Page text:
As about 87 per cent of the world’s student population is affected by COVID-19 school closures, UNESCO is launching a ‘Global Education Coalition’ to support countries with best distance learning practices for their students.
In a statement copied to the Ghana News Agency by Clare O’Hagan, of the UNESCO Press Service, it said more than 1.5 billion learners in 165 countries are affected by COVID-19 school closures.
The Coalition was, therefore, to help countries to mobilise resources and implement innovative and context-appropriate solutions to provide education remotely, leveraging hi-tech, low-tech and no-tech approaches.
It would also seek equitable solutions and universal access, ensure coordinated responses and avoid overlapping efforts, and facilitate the return of students to school when they reopen to avoid an upsurge in dropout rates across the globe.
According to the statement, Audrey Azoulay, the Director-General of UNESCO said: “Never before have we witnessed educational disruption on such a scale. Partnership is the only way forward.
This Coalition is a call for coordinated and innovative action to unlock solutions that will not only support learners and teachers now, but through the recovery process, with a principle focus on inclusion and equity.”
Since the closure of schools to contain the COVID-19 pandemic, governments according to the statement, were deploying distance learning solutions and grappling with the complexity of provisioning education remotely, from delivering content and supporting teachers to provide guidance to families and addressing connectivity challenges.
Equity, it believed, was the paramount concern as closures disproportionately hurt vulnerable and disadvantaged students who relied on schools for a range of social services, including; health and nutrition.
Ms Angelina Jolie, the UN High Commission for Refugees Special Envoy, and a partner to the formation of the Coalition said: “We must speed up the ways we share experience, and help the most vulnerable, whether or not they have internet access.”
UN Deputy Secretary General Amina Mohamed, the statement said expressed the UN’s full commitment to the Coalition, saying, ‘for millions of children and youth from disadvantaged backgrounds, school closures could mean the loss of a vital safety net of nutrition, protection and emotional support’.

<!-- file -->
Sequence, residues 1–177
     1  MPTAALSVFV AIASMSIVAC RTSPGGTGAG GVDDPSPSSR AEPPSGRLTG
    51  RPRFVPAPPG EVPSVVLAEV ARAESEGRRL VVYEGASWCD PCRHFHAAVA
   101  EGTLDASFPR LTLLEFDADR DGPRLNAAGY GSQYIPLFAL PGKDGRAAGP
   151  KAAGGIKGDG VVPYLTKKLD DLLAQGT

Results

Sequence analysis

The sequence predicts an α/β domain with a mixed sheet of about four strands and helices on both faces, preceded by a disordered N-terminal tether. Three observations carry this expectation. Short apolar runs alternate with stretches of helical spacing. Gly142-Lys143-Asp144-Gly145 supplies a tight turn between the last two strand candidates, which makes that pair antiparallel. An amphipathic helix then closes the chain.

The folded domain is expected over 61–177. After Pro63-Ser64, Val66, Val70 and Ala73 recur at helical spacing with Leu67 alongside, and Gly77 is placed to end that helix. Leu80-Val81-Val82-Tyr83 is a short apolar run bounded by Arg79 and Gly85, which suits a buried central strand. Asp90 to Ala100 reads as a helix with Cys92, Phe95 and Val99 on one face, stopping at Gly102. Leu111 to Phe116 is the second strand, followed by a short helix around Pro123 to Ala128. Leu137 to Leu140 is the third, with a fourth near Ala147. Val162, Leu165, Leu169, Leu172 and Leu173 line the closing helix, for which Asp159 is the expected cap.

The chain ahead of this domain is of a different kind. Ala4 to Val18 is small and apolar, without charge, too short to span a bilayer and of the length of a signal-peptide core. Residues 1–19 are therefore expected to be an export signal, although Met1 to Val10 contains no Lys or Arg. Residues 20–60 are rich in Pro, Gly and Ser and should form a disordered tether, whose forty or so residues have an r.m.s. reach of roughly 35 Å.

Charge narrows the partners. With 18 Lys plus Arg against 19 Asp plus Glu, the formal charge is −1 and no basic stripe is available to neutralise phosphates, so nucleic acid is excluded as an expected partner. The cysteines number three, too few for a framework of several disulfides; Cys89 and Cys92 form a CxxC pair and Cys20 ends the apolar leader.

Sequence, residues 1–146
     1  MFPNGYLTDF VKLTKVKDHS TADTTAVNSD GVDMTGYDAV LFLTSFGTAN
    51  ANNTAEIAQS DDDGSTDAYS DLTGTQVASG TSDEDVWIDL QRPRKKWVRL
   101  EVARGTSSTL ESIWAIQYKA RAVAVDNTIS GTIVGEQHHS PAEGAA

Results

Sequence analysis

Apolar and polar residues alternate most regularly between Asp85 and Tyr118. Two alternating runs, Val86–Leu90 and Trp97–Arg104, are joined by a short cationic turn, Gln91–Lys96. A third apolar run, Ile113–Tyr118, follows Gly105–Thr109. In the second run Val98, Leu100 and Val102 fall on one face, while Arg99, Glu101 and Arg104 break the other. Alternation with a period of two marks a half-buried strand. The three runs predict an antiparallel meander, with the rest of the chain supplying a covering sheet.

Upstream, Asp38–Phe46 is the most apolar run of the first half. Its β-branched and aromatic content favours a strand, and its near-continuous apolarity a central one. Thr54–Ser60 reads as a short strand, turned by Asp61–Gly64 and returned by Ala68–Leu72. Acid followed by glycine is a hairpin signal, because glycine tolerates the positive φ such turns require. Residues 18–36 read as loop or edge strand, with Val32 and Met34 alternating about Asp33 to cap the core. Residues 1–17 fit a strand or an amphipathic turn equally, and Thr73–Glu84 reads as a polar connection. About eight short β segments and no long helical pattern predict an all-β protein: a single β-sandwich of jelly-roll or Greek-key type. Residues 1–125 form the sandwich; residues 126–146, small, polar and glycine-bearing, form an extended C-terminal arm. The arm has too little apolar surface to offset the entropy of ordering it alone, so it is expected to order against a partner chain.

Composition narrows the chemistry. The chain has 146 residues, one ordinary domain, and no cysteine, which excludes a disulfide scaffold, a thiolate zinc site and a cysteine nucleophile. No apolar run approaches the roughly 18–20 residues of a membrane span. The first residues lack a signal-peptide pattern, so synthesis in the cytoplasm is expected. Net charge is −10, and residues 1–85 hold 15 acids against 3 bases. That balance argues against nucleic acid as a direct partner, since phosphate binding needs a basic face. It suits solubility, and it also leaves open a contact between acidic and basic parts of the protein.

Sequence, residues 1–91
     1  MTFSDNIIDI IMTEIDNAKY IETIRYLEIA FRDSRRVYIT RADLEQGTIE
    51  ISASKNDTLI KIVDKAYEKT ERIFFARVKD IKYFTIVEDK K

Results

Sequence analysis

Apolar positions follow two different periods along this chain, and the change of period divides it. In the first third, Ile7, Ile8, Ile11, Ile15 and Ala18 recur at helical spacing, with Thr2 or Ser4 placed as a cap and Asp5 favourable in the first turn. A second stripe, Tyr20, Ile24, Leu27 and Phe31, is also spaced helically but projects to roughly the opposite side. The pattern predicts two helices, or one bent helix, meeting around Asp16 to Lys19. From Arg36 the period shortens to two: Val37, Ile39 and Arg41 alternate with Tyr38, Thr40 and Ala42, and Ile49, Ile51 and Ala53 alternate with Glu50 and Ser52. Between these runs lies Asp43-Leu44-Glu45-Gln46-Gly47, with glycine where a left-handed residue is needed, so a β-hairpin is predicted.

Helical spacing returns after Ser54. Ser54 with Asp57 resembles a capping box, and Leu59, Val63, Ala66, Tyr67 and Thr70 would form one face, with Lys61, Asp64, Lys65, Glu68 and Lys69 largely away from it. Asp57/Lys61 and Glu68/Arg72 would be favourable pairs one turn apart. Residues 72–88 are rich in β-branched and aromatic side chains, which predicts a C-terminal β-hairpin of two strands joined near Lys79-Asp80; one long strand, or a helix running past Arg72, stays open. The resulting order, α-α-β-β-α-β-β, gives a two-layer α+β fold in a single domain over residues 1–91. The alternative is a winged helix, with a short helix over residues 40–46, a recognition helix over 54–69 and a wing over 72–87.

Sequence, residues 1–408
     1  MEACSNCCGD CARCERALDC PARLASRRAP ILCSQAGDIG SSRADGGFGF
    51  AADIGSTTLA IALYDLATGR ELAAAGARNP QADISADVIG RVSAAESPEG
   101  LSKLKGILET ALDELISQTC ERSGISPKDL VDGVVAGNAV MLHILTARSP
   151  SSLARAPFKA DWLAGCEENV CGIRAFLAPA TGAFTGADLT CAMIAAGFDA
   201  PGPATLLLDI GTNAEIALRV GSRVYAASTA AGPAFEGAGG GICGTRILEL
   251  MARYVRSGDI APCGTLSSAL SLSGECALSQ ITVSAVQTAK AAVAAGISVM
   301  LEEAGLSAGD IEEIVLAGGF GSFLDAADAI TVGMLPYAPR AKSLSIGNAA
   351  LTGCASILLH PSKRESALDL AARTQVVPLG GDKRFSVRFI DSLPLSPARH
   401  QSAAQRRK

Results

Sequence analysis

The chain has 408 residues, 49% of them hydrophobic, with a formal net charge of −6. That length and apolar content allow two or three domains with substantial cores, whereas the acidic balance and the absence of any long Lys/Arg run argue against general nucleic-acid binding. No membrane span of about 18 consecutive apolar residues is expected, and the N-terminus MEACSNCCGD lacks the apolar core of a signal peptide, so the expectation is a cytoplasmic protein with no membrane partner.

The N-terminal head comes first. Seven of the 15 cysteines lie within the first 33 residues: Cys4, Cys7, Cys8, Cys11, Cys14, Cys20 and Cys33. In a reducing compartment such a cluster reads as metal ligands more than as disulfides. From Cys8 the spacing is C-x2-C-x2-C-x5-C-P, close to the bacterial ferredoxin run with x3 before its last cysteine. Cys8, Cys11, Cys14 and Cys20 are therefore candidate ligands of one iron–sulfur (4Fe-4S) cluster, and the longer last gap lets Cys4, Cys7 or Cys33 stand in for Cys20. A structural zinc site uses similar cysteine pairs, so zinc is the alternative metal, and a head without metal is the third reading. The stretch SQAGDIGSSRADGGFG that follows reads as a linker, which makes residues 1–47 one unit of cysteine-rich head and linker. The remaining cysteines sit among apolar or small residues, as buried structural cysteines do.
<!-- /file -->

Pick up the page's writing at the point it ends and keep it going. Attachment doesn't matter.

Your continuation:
“This is not a time to deepen inequalities. It is a time to invest in education’s power to transform. As we embark on the decade of action of the 2030 Sustainable Development Agenda, our responsibility as a global community is to leave absolutely no one behind,” she added.
Among the members of the Coalition are the International Labor Organization, the UN High Commission for Refugees, United Nations Children’s Fund (UNICEF), the World Health Organization, World Bank, the World Food Programme and the International Telecommunication Union, the Global Partnership for Education, Education Cannot Wait, the OIF (Organisation Internationale de la Francophonie), the Organization for Economic Cooperation and Development and the Asian Development Bank,
The private sector, including, Microsoft, GSMA, Weidong, Google, Facebook, Zoom, KPMG and Coursera have also joined the Coalition, contributing resources and their expertise around technology, notably connectivity, and capacity strengthening.
Companies using learner and educational data to support the initiative, the statement said.
Philanthropic and non-profit organisations, including; Khan Academy, Dubai Cares, Profuturo and Sesame Street are also part of the Coalition, mobilising resources and services to support schools, teachers, parents and learners during this time of unparalleled educational disruption.
The statement invited media outlets to also join the Coalition and support the BBC, which had already joined to support the initiative.